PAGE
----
Australia says will be patient rebuilding French ties

Australian Prime Minister Scott Morrison said he hasn't been able to reach French President Emmanuel Macron, amid a diplomatic row over a major submarine deal.

Speaking in Washington D.C. on Wednesday, Morrison showed his resolve.

"The opportunity for that call is not yet. But we'll be patient. We understand their disappointment and that is the way you manage difficult issues."

Earlier this week, Paris recalled its ambassadors from Canberra and Washington after Australia tore up a French contract for diesel submarines worth tens of billions of dollars.

Instead, it signed a new agreement for nuclear-powered submarines and formed a new security alliance with the U.S. and Britain known as AUKUS.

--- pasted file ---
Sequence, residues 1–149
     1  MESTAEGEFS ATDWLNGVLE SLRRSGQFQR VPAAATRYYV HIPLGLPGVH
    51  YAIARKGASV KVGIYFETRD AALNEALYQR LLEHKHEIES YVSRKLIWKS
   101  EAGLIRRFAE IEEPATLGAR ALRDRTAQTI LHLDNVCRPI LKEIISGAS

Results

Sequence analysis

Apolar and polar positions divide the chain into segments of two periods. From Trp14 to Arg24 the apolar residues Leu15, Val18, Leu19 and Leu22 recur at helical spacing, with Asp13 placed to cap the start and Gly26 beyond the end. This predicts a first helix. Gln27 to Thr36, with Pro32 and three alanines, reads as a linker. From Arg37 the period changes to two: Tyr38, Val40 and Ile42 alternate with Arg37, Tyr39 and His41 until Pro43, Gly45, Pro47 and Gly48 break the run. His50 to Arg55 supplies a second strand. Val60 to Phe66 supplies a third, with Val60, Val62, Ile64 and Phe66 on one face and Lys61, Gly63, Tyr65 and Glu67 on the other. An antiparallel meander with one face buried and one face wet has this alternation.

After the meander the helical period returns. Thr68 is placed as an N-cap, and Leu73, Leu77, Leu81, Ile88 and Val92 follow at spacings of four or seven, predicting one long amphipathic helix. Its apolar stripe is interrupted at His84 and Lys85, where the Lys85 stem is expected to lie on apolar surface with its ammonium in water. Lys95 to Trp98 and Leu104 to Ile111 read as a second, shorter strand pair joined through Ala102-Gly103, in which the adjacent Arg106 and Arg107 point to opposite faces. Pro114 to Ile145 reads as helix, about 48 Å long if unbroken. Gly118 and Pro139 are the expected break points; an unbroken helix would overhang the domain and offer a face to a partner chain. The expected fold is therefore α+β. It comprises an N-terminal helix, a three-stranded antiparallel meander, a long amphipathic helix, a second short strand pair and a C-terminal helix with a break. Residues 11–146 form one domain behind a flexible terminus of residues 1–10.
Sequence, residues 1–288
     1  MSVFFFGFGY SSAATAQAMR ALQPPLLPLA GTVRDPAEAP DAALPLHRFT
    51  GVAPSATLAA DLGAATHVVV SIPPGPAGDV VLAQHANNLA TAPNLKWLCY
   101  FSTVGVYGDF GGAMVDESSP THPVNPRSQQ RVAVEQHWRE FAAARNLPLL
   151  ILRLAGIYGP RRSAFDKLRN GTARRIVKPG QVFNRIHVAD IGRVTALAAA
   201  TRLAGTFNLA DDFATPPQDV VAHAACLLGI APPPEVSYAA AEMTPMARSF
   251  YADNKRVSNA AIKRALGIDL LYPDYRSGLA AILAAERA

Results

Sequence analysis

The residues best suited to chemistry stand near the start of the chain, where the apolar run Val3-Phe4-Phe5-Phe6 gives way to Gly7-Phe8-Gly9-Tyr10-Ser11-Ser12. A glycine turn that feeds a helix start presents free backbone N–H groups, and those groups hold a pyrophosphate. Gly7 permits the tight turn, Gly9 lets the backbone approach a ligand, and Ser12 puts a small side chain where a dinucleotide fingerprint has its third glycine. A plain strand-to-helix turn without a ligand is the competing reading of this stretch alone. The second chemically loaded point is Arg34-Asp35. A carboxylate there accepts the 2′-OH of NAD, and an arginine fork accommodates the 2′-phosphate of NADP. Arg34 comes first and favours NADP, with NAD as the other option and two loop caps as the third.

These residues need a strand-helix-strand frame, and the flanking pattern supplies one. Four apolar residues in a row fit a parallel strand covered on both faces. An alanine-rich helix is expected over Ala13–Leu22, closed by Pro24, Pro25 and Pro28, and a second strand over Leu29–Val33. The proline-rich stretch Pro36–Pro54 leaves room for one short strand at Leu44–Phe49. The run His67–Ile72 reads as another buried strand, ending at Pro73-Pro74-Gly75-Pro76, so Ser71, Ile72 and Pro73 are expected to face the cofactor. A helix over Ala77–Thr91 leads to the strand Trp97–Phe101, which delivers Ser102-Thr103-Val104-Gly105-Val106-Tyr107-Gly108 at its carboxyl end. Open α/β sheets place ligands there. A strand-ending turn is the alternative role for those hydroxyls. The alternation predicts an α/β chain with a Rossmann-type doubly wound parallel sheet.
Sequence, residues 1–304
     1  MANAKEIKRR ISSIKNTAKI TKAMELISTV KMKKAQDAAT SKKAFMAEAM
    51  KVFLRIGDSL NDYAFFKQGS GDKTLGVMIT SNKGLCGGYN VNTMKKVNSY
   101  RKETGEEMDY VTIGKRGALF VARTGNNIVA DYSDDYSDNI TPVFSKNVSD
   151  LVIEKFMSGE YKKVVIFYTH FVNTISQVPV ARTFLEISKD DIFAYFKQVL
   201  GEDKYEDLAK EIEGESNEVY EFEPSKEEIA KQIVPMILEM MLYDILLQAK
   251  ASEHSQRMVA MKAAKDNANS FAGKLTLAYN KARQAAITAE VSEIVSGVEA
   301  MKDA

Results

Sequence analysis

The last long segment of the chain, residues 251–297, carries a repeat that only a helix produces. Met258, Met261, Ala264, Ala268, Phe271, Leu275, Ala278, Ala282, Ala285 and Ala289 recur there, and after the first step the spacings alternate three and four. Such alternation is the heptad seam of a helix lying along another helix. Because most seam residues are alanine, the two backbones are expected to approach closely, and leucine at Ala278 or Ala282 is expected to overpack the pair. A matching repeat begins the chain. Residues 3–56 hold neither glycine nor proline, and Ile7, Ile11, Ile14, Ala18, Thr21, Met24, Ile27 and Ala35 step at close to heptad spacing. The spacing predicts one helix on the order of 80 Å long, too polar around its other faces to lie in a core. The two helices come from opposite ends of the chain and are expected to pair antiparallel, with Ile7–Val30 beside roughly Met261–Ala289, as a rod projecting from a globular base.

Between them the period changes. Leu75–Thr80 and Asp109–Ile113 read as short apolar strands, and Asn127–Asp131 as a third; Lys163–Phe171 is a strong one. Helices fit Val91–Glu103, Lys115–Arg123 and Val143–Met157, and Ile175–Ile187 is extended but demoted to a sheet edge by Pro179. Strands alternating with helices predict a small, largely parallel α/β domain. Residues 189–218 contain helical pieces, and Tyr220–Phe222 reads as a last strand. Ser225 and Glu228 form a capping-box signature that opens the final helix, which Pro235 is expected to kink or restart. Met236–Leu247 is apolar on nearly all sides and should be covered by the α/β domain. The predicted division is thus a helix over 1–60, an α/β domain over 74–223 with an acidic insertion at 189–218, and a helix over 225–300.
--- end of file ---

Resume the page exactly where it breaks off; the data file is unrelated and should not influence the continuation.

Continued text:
Morrison stuck by his decision to pull out of the deal with France.

"At the end of the day, as a government, we have to do what is right for Australia and serve Australia's national security interests. And I will always choose Australia's national security interests first."

Washington however has had a warmer reception from France, as U.S. President Joe Biden spoke to Macron over the phone on Wednesday.

After the call, France said its ambassador would return to Washington next week.

Morrison was not fazed.

"I look forward and when the time is right and when the opportunity presents that we will have a similar discussion. (...) Those issues will take further time to work through than the ones that were being dealt with between the United States and France."

He said both AUKUS and the new submarine deal had received bipartisan support during his meetings with U.S. lawmakers and officials.

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